In mathematics, a Loeb space is a type of measure space introduced by Loeb (1975) using nonstandard analysis.

ConstructionEdit

Loeb's construction starts with a finitely additive map   from an internal algebra   of sets to the nonstandard reals. Define   to be given by the standard part of  , so that   is a finitely additive map from   to the extended reals  . Even if   is a nonstandard  -algebra, the algebra   need not be an ordinary  -algebra as it is not usually closed under countable unions. Instead the algebra   has the property that if a set in it is the union of a countable family of elements of  , then the set is the union of a finite number of elements of the family, so in particular any finitely additive map (such as  ) from   to the extended reals is automatically countably additive. Define   to be the  -algebra generated by  . Then by Carathéodory's extension theorem the measure   on   extends to a countably additive measure on  , called a Loeb measure.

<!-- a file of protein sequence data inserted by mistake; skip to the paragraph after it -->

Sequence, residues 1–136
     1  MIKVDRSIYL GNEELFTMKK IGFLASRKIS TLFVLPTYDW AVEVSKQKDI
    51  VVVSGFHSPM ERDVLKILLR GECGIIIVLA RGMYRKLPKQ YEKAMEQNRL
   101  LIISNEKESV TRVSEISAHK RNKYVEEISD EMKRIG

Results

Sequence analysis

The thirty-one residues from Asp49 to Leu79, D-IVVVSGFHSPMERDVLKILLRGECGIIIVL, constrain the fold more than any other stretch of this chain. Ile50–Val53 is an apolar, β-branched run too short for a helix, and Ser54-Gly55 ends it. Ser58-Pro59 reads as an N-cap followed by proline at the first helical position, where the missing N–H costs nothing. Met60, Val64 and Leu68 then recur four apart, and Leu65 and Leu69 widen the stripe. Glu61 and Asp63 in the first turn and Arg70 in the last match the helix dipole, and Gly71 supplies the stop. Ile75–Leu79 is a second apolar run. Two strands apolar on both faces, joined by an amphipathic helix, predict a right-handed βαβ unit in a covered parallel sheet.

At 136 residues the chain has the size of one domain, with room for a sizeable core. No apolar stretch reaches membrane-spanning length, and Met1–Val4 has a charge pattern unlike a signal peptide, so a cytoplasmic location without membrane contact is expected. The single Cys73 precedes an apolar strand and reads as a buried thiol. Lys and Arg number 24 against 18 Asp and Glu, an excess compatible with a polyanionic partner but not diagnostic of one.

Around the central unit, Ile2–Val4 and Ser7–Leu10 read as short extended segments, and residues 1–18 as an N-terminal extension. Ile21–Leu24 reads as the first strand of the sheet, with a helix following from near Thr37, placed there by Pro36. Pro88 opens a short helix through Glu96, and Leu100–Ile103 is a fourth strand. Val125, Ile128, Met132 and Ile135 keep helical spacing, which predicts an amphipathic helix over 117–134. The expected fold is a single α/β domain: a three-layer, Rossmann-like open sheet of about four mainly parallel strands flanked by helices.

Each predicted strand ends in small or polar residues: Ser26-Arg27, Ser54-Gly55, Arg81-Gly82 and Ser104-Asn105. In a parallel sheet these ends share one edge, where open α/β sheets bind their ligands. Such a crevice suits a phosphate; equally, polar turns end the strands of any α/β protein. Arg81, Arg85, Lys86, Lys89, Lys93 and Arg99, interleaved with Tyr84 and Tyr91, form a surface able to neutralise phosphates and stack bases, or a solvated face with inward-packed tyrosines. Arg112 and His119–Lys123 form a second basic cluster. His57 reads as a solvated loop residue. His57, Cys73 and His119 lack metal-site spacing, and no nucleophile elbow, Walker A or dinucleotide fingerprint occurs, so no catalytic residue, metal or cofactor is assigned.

ReferencesEdit

  • Cutland, Nigel J. (2000), Loeb measures in practice: recent advances, Lecture Notes in Mathematics, vol. 1751, Berlin, New York: Springer-Verlag, doi:10.1007/b76881, ISBN 978-3-540-41384-4, MR 1810844
  • Goldblatt, Robert (1998), Lectures on the hyperreals, Graduate Texts in Mathematics, vol. 188, Berlin, New York: Springer-Verlag, doi:10.1007/978-1-4612-0615-6, ISBN 978-0-387-98464-3, MR 1643950
  • Loeb, Peter A. (1975). "Conversion from nonstandard to standard measure spaces and applications in probability theory". Transactions of the American Mathematical Society. 211: 113–22. doi:10.2307/1997222. ISSN 0002-9947. JSTOR 1997222. MR 0390154 – via JSTOR.

External linksEdit